Written by Kaitlin Hill

Shakespeare wrote, “How that little candle throws his beams! So shines a good deed in a weary world.” Perhaps a little candle, Seven Loaves Services in Middleburg certainly shines a bright light across Virginia. At the heart of the food pantry is its commitment to serving anyone, a word often found in all capital letters on the organization’s website.

With an enthusiastic director, dedicated group of volunteers, and robust support of the community, Seven Loaves provides meals for families in 13 counties across Virginia and West Virginia. But more impressive than the broad reach is the endless capacity for generosity, keeping the mission moving, even during a pandemic. 

Seven Loaves was founded by a group of ministers in the Middleburg area, and officially incorporated in 1994. Over the past 26 years, the food pantry has expanded. Three years ago, one of its former volunteers, Carleigh Underwood, became the new director. 

As a Middleburg native, Underwood’s connection to the Seven Loaves mission started in her childhood kitchen. “I have always had a connection with food,” she says. “Food is very important in my family, and I just remember seeing my mom and dad delivering hot meals to people without any questions. They were always just very big on making sure everyone had enough to eat.” As a child, her dad instilled in her the idea of helping others. “‘Always be a part of bringing someone up, never bringing them down,’ she says, quoting her father. “That’s a famous quote of his in my house.”  

Carleigh Underwood, Seven Loaves director. Photo by Jennifer Gray.

The lessons she learned from her parents led her to Seven Loaves. “I started as a volunteer driver at Seven Loaves, and I became completely engulfed in the mission,” she says. “I wanted to learn everything there was to be able to help.”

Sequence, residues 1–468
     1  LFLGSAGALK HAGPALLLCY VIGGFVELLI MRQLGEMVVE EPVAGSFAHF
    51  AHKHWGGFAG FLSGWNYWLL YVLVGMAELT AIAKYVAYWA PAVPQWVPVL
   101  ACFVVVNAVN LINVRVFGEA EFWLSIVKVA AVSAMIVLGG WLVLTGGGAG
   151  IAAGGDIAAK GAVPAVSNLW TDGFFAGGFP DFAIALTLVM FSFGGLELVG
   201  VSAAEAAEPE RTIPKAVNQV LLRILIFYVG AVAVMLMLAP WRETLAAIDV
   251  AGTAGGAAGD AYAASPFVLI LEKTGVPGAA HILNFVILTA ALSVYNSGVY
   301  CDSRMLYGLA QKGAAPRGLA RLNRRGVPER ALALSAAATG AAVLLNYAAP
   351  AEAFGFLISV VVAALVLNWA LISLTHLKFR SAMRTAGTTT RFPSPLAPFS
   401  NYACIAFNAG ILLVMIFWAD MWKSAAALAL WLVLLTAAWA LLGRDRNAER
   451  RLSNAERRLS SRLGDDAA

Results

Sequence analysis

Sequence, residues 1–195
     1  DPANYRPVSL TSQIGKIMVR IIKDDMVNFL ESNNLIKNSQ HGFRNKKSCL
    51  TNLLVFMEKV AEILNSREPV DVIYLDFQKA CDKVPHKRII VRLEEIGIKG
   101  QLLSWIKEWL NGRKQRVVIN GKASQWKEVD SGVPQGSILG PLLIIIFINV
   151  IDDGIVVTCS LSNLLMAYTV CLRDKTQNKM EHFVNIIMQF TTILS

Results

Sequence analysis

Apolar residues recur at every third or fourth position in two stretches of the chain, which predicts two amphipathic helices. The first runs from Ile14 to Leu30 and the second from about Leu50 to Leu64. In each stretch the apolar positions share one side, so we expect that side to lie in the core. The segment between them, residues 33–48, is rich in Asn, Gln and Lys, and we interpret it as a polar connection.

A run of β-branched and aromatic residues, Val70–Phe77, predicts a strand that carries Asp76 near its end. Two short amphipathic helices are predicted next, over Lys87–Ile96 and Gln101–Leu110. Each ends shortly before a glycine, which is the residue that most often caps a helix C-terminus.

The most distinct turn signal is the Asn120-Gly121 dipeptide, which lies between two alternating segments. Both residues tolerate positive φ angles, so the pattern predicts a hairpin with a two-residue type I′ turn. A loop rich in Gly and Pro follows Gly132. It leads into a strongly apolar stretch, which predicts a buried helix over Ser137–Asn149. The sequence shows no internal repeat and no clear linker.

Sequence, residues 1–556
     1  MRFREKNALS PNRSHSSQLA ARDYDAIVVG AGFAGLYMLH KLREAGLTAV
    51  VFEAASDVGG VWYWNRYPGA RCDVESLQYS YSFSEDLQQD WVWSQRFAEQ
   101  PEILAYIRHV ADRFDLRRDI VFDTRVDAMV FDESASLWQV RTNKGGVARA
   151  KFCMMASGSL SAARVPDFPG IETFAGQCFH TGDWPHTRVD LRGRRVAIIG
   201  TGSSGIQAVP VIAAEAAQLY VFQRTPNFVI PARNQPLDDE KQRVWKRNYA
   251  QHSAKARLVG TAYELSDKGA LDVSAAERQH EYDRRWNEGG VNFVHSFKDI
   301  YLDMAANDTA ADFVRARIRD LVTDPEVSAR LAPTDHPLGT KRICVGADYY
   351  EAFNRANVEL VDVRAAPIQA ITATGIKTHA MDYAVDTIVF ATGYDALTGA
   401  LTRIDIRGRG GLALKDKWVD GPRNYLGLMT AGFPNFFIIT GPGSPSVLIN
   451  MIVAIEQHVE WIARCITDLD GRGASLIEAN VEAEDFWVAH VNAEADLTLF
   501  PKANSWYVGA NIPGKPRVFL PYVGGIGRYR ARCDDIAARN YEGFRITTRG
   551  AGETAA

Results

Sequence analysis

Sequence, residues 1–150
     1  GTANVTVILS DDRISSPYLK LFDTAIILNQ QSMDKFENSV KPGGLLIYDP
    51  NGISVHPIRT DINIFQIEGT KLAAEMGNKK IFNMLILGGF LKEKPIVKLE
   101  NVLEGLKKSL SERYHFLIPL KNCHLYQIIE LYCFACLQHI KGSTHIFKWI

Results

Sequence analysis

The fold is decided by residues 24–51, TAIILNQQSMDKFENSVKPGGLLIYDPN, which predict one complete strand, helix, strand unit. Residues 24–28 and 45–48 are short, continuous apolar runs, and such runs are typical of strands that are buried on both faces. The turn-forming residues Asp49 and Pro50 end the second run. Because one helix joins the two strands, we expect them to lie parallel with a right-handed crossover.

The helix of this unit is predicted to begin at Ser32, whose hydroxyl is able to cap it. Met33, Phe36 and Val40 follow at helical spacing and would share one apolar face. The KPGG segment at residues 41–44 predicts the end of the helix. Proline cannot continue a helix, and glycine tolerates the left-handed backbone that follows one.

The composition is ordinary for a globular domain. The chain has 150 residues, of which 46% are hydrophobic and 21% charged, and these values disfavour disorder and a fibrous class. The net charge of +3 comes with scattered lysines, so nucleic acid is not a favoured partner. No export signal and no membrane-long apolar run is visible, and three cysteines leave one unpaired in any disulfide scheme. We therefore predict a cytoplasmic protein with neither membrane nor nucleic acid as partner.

After a year of volunteering, Underwood’s dedication to the mission made her a promising candidate for the director position when it became available. “I volunteered my time with different aspects of the organization,” she says. “One thing led to another, and then the director at the time [Debbie Gallagher] wanted to retire, and I was fortunate enough to get the job. Debbie and Jim McGlaughlin [the former Vice President] taught me everything I know, and I wear many hats. But I just love it. I just love the mission.” 

She is now in her third year as director. With the exception of Underwood’s role, Seven Loaves is entirely volunteer-based. “The rest of the workforce is based on volunteers,” she says. “They are just amazing. Most are locals from Middleburg, Marshall, Upperville, and the South Riding area.” Volunteers known as “loafers” can participate in a variety of ways, from unloading and stocking, to distributing and serving as pickup drivers. 

In October 2020, the National Sporting Library & Museum presented Seven Loaves with a check from funds raised by this year’s NSLM Polo Classic. L to R: Seven Loaves director, Carleigh Underwood, National Sporting Library & Museum director of development, Reid O’Connor, and National Sporting Library & Museum executive director, Elizabeth von Hassell. Photo by Jennifer Gray.